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Joint Medical Team Provides Assistance to Laos

By Douglas J. Gillert
American Forces Press Service

HICKAM AIR FORCE BASE, Hawaii, July 9, 1996 – A 14member humanitarian assistance team will arrive in Vientiane, Laos, July 16 to begin turning over more than $1 million in excess medical equipment to the Lao People's Democratic Republic.

Working with the Laos Civil Affairs Liaison Team and Joint Task ForceFull Accounting, the Pacific Command joint medical team will set up medical and surgical equipment and demonstrate its use to Laotian medical personnel.

In all, three teams will deploy to Laos between midJuly and Aug. 27, said Air Force Lt. Col. Andrew Colon, Pacific Air Forces chief of medical plans, operations and readiness. They will deliver and set up the equipment at Phounsavan Provincial Hospital.

Team members will be drawn from units at Hickam; Elmendorf Air Force Base, Alaska; Kadena, Misawa and Yokota Air bases, Japan; and Tripler Army Medical Center, Hawaii. Each team will remain in Laos two weeks. The equipment they'll provide ranges from large power generators to tiny surgical staples.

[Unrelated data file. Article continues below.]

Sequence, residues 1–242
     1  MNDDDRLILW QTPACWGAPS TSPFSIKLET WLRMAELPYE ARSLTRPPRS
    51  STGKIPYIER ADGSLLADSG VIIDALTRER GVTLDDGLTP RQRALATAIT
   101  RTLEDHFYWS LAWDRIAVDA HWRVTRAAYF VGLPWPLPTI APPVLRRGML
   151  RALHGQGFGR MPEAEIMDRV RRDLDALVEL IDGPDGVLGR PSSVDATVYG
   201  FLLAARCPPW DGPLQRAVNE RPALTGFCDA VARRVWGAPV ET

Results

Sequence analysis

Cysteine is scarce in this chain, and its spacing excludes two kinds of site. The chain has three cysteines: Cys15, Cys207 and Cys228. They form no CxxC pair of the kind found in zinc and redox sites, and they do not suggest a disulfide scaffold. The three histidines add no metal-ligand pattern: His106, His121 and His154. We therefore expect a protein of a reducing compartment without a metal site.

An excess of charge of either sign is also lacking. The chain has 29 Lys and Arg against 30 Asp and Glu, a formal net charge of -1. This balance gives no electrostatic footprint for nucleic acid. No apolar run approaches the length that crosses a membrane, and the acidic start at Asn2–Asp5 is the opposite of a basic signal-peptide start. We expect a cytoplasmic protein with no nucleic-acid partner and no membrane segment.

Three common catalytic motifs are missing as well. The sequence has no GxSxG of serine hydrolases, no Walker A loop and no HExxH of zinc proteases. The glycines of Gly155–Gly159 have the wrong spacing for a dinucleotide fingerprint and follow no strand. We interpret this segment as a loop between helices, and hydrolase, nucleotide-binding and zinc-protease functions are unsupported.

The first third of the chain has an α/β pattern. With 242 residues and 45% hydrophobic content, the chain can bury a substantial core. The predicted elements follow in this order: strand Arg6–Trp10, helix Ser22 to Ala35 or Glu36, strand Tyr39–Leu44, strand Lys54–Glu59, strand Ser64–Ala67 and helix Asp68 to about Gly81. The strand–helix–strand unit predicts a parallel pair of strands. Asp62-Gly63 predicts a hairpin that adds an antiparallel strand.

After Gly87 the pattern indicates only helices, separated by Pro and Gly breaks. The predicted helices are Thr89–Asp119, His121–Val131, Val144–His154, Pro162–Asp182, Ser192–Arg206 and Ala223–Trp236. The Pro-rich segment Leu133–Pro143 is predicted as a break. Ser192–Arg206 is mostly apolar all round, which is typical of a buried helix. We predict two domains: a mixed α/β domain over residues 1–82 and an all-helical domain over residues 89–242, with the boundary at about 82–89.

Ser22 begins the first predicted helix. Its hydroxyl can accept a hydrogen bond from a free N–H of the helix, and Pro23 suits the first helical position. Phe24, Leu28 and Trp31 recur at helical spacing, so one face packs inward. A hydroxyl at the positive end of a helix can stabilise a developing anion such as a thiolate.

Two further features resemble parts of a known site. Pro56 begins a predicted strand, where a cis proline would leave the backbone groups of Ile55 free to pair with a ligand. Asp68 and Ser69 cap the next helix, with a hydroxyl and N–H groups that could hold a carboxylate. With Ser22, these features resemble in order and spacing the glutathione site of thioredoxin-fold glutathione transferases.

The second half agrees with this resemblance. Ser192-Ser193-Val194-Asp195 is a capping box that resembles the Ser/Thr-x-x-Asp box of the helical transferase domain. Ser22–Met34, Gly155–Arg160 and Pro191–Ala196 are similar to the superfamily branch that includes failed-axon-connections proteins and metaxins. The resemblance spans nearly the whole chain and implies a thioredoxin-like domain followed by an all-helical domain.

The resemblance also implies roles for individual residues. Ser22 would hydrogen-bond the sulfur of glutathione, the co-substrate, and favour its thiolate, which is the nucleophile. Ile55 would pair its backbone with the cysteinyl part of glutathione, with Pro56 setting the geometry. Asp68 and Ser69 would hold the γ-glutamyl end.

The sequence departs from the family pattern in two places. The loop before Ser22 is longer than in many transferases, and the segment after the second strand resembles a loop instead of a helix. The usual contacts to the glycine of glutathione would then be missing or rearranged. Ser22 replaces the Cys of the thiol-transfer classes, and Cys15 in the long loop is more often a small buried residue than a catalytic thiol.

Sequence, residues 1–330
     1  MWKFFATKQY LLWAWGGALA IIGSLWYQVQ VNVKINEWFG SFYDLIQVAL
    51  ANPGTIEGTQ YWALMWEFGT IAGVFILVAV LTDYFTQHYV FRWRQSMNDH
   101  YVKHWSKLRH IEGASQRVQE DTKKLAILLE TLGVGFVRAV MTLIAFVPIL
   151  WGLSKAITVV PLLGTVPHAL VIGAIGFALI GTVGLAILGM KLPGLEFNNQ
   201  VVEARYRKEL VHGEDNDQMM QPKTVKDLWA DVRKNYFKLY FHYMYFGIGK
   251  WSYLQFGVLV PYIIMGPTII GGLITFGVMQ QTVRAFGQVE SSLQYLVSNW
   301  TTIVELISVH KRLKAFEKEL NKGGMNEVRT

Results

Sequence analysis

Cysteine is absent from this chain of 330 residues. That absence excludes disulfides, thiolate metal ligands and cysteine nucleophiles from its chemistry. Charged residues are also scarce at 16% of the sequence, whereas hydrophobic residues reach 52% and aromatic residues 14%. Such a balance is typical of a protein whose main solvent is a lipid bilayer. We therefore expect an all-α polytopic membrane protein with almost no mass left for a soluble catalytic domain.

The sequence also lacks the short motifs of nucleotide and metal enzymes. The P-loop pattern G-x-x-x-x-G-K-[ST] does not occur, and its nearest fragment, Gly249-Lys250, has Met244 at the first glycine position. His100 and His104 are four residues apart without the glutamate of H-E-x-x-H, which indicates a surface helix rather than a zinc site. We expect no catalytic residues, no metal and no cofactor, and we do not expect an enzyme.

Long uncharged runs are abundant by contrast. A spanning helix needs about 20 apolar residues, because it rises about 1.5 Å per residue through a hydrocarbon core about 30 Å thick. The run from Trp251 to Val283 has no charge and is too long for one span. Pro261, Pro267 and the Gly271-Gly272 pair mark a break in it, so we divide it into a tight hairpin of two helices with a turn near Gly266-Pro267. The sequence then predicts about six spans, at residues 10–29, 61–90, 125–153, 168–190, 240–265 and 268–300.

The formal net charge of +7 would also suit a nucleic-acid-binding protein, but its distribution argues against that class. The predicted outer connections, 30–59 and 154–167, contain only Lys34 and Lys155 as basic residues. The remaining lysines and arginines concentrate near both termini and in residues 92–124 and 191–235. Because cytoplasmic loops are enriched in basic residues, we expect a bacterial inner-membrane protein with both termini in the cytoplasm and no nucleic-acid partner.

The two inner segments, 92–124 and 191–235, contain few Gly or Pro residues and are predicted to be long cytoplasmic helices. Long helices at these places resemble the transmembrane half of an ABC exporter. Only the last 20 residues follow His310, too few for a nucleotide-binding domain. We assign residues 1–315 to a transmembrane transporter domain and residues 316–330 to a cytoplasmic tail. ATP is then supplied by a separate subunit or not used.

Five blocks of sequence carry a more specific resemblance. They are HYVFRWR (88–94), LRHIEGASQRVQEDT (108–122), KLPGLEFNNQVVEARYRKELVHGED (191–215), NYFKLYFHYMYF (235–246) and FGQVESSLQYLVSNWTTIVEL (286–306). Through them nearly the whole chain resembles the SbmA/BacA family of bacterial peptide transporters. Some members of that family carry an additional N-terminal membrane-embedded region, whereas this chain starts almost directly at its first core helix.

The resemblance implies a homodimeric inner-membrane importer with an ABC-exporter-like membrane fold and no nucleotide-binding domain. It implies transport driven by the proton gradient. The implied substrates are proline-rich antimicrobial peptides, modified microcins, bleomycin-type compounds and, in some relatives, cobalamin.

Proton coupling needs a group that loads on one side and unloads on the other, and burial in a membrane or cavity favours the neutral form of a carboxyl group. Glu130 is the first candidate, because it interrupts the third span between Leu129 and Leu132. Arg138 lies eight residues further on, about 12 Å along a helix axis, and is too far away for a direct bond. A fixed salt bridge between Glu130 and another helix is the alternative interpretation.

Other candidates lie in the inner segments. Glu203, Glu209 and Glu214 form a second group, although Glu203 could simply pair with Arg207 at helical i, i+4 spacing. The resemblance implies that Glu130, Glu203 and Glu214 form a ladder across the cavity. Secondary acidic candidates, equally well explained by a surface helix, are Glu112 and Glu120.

Cambodia received similar assistance in 1995, Colon said. The earlier package included a complete mobile surgical field hospital, he said, as well as training of Cambodian military medics. Air Force Col. Phyllis Easley led the team to Cambodia and will head the third team into Laos this summer. She said this time could be more challenging because of the rugged conditions team members will face.

"The hospital is located in a rugged, mountainous area, and we'll be there during the monsoon season," Easley explained. "In addition, a majority of the population does not have access to potable [drinkable] water. Conditions are primitive and unhealthy, to say the least."

Because Laos has a 10 percent infant mortality rate and an average life expectancy of 52 years, the humanitarian assistance package may have only a small impact on Laotian health concerns, conceded Dr. (Col.) Joe Kelley, Pacific Air Forces command surgeon. But like the Cambodian assistance that preceded it, the aid to Laos will help strengthen political relations between the United States and Laos, he said.

"For example, [the United States] hasn't had overly friendly relations with India, yet we have begun medical interchanges, and they are now pushing for further exchanges," Kelley said. "In addition, we will probably provide medical assistance to Vietnam in the future, as well as to Mongolia and even China."

Humanitarian assistance builds the status of the United States in the eyes of the recipients, Kelley said. Such programs, he added, are integral to decreasing tensions and preventing war.

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